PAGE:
Just Finished Reading: The Mighty Dead – Why Homer Matters by Adam Nicolson (FP: 2014) [251pp]
This was, as you might expect, an impulse buy. Although I know of (as does just about everyone in the West) the existence of the Illiad and the Odyssey I’ve never read either (although I have of late been dipping into an old – 1950 – translation of the Illiad) and the closest I’ve come to them so far is a few modern interpretations and the epic movie Troy which I honestly enjoyed a great deal. I’d heard that Homer might not be an actual person who wrote these iconic tales of western cannon but that he was, possibly, either a composite of several writers, a generic term for those who told the tales (prior to them finally being written down) or even the name of the first person to translate them from the spoken word to the written text. The author goes over each of these theories and shows on multiple occasions and in multiple ways just how far back in time – literally to the days before History – the tales go, teasing out individual word use, descriptions of weapons and armour and so on to show that the tale existed LONG before the age that finally immortalised it. But that was just the beginning.
I won’t even try to precis this book but will, instead, look at some of the themes the author covered. Naturally both tales are central to the books overall narrative but many questions need to be asked (apart from where they came from and did the Trojan War actually happen for real). When the Illiad is considered the first question that needs to be raised is ‘Which Illiad?’ Not only have there been, over the centuries since it was first written down, many, many translations of varying quality but there are multiple versions of the original text dating back far into antiquity. The Librarian’s at Alexandria tried to produce an ‘authorised’ version but were not wholly successful. Then there’s the question of just how it was possible to remember and ‘sing’ such a long and complex narrative – which naturally leads on to the many quirks and repartitions in the text that allow such a prodigious feat of memory to be achieved.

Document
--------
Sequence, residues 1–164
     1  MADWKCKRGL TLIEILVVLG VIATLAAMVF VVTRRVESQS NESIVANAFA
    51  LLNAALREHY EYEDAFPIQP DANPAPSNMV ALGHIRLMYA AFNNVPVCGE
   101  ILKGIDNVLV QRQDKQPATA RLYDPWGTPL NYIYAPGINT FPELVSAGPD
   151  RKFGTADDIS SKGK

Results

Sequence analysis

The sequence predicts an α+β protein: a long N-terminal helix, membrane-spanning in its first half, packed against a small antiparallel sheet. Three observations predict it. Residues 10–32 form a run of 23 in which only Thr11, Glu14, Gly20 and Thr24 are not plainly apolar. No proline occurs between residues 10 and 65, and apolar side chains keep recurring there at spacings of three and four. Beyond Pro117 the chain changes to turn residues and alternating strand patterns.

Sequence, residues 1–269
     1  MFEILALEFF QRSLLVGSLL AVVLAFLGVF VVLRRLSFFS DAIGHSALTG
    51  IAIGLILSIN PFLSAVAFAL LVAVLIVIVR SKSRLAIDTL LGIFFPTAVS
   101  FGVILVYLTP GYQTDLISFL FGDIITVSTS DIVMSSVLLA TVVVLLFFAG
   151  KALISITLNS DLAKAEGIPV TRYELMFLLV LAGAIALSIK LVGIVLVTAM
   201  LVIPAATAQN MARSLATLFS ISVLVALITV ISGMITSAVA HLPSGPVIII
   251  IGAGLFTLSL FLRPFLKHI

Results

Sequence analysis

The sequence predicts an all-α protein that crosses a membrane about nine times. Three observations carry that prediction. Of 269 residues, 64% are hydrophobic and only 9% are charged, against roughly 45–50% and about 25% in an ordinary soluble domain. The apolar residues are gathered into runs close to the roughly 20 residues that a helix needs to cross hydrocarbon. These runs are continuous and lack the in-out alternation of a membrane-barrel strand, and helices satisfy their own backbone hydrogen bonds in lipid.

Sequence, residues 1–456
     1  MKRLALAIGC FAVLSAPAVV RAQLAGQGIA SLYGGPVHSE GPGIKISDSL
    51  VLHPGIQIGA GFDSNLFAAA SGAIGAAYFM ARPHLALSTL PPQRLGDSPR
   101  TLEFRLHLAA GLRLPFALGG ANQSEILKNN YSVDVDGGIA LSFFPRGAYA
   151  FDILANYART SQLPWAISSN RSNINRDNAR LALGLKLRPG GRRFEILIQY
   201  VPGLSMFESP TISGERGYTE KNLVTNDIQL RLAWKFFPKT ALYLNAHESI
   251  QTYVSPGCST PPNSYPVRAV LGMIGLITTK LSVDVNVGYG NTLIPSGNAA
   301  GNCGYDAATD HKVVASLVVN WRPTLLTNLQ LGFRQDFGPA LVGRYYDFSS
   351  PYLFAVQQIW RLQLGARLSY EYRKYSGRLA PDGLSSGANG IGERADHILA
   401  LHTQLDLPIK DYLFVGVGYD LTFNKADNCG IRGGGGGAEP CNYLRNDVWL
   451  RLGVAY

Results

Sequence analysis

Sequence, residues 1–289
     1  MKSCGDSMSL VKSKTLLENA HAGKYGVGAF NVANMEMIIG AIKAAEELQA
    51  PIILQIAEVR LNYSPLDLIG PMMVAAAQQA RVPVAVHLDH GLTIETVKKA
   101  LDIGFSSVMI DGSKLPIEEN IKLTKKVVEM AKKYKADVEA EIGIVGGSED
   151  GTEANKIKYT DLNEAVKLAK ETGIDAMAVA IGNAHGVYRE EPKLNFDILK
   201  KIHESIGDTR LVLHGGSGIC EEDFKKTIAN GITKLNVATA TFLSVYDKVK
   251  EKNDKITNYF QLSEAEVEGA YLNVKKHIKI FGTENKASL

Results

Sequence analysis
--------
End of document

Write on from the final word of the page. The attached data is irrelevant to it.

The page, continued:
The thing that jumped out at me most however was not really about the text but about the war itself. Troy was a comparatively minor city – rich as it was – on the edge of an Asian empire. The Greeks, in contrast, were a rabble of squabbling tribes barely out of the Stone Age. Rather than the heroes of the piece, despite thousands of years of propaganda to back their case, they were in fact the bad guys – most literally the barbarians at the gate. That, of course, flips the whole narrative on its head. I wonder if there are books out there telling the siege of Troy as a tragedy from the Trojan point of view?
Coincidentally I have just finished a relatively recent updated narrative about the Trojan War told from the point of view of Patroclus, lover and friend of Achilles. As stated previously I dipped into the 1950 Penguin translation of the Illiad that I’ve had for years/decades and it looks very readable (and is, therefore, probably a rather ‘free’ translation!) so there’s more Homeric texts to come. It almost feels like Fate…. But if you’re a fan of two of the truly great classics of western literature this is definitely the book for you. Starting from an admittedly low base I definitely learnt a lot about the background to the stories and their ongoing importance in the western cannon. Most definitely more to come. Highly recommended.
Longlisted for the Samuel Johnson Prize for Non-Fiction 2014